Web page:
But experts caution that inflation and the expiration of federal programs could threaten that progress. Without the child tax credit, for instance, 1.7 million children are at risk of falling deeper into poverty, the Budget & Policy Center has said.
More than half of California’s residents with incomes below $50,000 were struggling to pay for food, housing, and medical costs in March and April. Black, Latino and other families of color were among those most likely to be struggling, the center reported.
“We’ve got a strong labor market,” said Sarah Kimberlin, a senior policy analyst with the center. “But even if you can find a job, that doesn’t mean that you can afford to pay the rent and get food on the table.”
The governor unveiled a variety of other measures he said were aimed at easing the inflation burden. Those proposals included $2.7 billion in rental assistance and $1.4 billion in past-due utility bill assistance. He also proposed a waiver of child care fees for low-income families estimated to cost $157 million.
“Even if you can find a job, that doesn’t mean that you can afford to pay the rent and get food on the table.”
Newsom also proposed $933 million be used to provide cash payments of $1,500 for hospital and nursing home workers, while reserving $304 million for health insurance premium assistance for families.
To offset freighting costs, the governor proposed a $439 million pause on the state’s diesel tax.
The governor also announced that the state’s minimum wage is set to increase to $15.50 an hour next year due to the inflation hike.
Some Democratic legislators and their allies are pushing Newsom to take a different approach.
Assemblyman Miguel Santiago, a Los Angeles Democrat, plans to promote a bill he authored that would enable the state to extend the expired federal child tax credit. Santiago’s bill, backed by United Ways of California, would provide a $2,000 payment per child to families that earn $30,000 a year or less.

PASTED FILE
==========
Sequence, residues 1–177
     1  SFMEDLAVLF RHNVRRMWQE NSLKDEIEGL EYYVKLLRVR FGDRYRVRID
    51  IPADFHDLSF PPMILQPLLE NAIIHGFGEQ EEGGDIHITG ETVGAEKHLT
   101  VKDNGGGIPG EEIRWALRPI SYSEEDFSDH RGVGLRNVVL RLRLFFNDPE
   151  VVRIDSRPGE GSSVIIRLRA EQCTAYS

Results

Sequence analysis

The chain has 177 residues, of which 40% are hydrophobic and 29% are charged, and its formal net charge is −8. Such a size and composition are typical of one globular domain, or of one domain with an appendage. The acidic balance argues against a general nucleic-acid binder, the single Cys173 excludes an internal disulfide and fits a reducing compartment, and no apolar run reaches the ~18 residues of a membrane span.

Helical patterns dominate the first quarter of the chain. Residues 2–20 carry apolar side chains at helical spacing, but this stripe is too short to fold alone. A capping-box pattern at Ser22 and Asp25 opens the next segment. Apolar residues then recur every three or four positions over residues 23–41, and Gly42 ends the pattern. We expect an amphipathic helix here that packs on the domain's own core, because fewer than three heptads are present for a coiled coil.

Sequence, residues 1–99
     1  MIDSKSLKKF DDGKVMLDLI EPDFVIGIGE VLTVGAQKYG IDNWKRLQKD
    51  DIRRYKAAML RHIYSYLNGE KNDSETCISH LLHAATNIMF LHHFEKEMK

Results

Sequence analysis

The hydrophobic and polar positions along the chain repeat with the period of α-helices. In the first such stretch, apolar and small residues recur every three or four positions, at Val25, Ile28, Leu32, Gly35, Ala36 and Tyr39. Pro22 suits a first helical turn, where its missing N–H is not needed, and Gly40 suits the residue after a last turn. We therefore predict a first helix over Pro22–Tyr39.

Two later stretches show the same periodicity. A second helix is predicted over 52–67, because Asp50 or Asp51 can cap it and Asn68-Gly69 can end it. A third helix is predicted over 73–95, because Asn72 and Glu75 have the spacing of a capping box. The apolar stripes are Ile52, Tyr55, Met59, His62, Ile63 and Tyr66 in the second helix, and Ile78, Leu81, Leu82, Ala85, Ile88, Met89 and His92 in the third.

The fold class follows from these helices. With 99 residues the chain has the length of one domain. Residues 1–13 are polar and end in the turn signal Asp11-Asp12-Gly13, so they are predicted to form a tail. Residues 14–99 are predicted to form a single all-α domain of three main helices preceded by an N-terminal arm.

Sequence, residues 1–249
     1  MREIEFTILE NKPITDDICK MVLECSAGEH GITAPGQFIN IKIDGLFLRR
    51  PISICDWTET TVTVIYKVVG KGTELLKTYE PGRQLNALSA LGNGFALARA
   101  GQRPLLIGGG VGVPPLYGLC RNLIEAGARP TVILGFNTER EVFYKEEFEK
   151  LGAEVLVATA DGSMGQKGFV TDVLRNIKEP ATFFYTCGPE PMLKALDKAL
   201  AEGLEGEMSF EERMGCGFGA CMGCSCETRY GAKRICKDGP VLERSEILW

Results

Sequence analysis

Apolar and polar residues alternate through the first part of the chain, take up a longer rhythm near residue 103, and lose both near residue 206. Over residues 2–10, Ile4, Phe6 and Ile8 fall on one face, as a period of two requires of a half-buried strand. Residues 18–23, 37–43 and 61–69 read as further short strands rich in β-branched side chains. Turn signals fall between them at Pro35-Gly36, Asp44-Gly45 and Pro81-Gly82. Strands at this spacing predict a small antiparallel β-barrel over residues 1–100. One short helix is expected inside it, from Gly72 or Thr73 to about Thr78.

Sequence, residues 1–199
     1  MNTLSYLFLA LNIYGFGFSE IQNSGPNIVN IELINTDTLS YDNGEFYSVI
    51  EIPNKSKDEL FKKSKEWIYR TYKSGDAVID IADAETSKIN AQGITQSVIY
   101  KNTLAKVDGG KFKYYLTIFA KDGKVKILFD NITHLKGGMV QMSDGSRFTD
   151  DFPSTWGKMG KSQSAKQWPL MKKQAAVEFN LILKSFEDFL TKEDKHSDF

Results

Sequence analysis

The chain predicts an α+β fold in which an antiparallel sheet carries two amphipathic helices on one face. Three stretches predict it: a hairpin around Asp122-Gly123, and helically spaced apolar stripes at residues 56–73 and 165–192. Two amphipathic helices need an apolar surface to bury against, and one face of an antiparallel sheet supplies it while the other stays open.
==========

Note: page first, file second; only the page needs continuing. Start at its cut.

“It is a chance for the Legislature to send a clear message of prioritization,” said Anna Hasselblad, director of public policy for United Ways of California.
Any form of relief would be welcome to Paniagua, a 38-year-old mother of three living with her husband in a two-bedroom apartment in the coastal Ventura County city of Port Hueneme.
In a phone interview, Paniagua said her family survived the pandemic only because her husband kept his job at a local nursery. He is undocumented, she said, and so would not have qualified for 2020 federal relief.
In 2021, her family benefited from state stimulus checks for the undocumented, she said, and from goods from a local food pantry and some CalFresh benefits available to her because her son was enrolled in school.
This year, she said, the high cost of living has stretched her family thin. With her rent increasing $200 in July to $2,100 a month, she has taken to using the Flipp phone app to search for deals on necessities such as milk, yogurt and baby formula for her 7-month-old baby girl.
Gone are any trips to the movies, or the occasional splurge on In-N-Out burgers, a favorite of her children, she said.
This article is part of the California Divide project, a collaboration among newsrooms examining income inequality and economic survival in California.